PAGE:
Directed by Leo Gabriadze.
2014. Rated R, 83 minutes.
Moses Jacob Storm
A group of high school friends all get together on a Skype call, like they often do. This time there is is an uninvited person in on the call whom they can't get rid of. This person uses the screen name "billie227," seems to know each of them intimately, and may or may not be Laura Barns. The problem is that today is actually the anniversary of Laura's suicide which was captured on video and posted online. Soon, these friends find themselves fighting for their own lives.
Having everything happen online during a Skype call is a genius modernization of the horror genre. On paper. In actuality, it's a clunkily paced hunk of digital video that drags badly despite running a scant 83 minutes. Its strict adherence to its concept is largely to blame. the entire film is shown from the perspective Blaire's laptop. Blaire (Hennig) is our protagonist and was perhaps Laura's best friend. We not only watch Blaire talk to her buddies, we watch her minimize and maximize various windows and tabs, pick songs to play in the background, type IMs to the same people she's talking to, check out their Facebook pages, etc. When was the last time you were compelled to watch someone else use their computer? If you're old enough to remember that far back, like me, it happened that one day back in the 1990s the first time you saw someone surf the net. If you're not that old, it's probably never happened for you. Therein lies the problem. This particular style of storytelling overestimates itself. It assumes that because it's using a mode we all use all the time, it will automatically feel fresh and captivate us. Instead, we spend much of the first two acts bored to death watching Blaire point, click, and type. It doesn't help that the kids we're stuck with are a bunch of spoiled brats. Calling any of them likable would be a stretch.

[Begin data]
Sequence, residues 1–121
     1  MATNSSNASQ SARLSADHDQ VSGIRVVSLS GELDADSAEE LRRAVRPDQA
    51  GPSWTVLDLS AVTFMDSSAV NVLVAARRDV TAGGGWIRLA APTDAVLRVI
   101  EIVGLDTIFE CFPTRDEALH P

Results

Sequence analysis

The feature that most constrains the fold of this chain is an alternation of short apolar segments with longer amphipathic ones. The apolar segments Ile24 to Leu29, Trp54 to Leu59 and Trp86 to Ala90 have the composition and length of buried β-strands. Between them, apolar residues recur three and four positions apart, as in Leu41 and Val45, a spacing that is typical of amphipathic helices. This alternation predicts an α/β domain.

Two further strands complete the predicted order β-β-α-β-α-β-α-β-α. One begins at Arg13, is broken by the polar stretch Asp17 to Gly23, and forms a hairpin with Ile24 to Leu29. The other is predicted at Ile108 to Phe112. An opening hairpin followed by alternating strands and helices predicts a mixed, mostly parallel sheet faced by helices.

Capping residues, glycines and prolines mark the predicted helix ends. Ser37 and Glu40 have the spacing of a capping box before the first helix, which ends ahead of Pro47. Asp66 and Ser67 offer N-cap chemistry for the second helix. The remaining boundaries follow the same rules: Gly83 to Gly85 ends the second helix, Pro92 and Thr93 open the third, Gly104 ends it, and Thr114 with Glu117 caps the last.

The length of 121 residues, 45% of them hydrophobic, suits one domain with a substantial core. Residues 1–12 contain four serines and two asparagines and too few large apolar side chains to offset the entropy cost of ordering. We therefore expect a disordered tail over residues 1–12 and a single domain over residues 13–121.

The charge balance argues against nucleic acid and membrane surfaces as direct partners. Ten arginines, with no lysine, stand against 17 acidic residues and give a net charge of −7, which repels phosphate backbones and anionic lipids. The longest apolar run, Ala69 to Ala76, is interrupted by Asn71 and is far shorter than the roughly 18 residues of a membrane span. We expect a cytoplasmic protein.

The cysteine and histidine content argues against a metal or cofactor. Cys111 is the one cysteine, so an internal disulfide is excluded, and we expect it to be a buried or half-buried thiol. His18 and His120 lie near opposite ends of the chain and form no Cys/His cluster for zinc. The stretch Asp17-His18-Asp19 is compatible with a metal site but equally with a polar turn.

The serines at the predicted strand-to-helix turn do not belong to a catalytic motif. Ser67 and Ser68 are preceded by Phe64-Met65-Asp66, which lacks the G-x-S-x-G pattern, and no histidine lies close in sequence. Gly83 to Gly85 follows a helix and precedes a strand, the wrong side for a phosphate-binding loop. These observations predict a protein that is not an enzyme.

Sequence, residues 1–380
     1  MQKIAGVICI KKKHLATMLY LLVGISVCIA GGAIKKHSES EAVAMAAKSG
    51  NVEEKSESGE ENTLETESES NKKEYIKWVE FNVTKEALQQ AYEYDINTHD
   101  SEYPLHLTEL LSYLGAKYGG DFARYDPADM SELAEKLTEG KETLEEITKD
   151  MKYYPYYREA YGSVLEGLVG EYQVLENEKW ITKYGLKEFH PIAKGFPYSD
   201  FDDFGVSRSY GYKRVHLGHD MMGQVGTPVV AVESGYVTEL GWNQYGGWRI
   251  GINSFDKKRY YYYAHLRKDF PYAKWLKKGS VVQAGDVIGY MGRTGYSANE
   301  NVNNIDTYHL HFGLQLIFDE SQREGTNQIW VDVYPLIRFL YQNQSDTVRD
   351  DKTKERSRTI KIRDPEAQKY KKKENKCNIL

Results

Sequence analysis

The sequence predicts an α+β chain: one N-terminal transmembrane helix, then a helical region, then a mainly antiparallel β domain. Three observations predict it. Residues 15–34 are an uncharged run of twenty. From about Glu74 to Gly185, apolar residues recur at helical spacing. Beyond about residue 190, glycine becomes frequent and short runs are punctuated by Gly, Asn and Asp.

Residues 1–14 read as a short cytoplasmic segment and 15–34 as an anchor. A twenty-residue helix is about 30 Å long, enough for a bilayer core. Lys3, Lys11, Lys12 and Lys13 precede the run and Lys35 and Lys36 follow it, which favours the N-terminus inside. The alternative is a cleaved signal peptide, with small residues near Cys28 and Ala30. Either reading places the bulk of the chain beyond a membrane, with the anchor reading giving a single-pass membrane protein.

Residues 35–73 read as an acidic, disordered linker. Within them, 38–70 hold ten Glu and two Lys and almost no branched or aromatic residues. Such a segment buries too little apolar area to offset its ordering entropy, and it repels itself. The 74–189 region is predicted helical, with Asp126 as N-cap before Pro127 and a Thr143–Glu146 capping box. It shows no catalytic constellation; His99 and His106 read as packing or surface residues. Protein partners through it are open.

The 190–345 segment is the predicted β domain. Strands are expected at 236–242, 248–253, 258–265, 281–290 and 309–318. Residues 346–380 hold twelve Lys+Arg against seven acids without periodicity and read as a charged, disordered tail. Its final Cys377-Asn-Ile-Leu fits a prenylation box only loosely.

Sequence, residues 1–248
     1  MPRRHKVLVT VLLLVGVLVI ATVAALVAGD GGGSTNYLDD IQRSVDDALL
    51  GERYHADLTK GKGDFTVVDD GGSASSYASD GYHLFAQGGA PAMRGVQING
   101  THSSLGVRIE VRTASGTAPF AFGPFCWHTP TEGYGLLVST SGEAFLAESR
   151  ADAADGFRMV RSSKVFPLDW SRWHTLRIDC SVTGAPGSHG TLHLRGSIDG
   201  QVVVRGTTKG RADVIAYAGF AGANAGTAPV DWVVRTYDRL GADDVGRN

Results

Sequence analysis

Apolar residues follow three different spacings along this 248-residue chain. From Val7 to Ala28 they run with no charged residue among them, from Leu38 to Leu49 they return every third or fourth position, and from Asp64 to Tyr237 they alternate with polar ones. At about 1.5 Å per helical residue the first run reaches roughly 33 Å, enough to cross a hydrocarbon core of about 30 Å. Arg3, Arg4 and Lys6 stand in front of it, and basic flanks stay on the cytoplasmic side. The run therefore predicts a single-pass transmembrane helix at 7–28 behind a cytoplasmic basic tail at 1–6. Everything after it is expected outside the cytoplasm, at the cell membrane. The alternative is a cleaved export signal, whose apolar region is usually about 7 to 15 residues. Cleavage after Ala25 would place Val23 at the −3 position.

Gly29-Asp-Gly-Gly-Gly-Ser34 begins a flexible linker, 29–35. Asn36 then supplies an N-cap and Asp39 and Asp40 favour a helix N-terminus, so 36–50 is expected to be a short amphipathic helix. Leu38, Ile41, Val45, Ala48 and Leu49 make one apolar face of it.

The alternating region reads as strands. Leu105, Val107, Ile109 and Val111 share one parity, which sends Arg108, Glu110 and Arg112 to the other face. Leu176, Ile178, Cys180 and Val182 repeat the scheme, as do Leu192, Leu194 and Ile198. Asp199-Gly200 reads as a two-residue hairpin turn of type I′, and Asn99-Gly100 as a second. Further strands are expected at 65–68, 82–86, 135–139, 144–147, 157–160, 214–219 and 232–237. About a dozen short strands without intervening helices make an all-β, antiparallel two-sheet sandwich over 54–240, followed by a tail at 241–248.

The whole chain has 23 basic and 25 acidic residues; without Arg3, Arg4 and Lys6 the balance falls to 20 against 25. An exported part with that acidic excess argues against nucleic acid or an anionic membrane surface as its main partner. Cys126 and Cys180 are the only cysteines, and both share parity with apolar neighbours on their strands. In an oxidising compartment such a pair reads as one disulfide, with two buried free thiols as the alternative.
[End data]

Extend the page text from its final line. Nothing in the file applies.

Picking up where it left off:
Things finally pick up during the third act when our pals start dying at a quicker rate. Any tension and thrills to be had are, for the most part back-loaded into this portion of the film. Attempts at ratcheting up that tension don't quite work because, again, concept overrides storytelling. Things like clicking over to ChatRoulette in an effort to get someone to help jives with the social media saturated aesthetic the film is pushing, but not with the common sense that even these dolts have proven to possess by this point. We're pulled out of the movie, if we were into it at all, and roll our eyes at it. Then, the unlikability takes over and we find ourselves actively rooting for each of them to die. Thankfully, that does start happening. As horror movie kills go, these aren't the most creative or visceral lot, but at least something is happening.
The saving grace for Unfriended is the game of "Now or Never" that sets the third act in motion. Tempers flare, the pace quickens, and we might even find ourselves caring just a bit. The cast, actually pretty competent throughout, really sells it during this section. They even manage to pull us back in a bit. The grand finale is another bright spot. We get a satisfying ending that drives home the message at which the whole movie has been driving. Too bad the energy on display at this time is not present earlier. As a result, we have a film based on a great premise, but is a chore to slog through.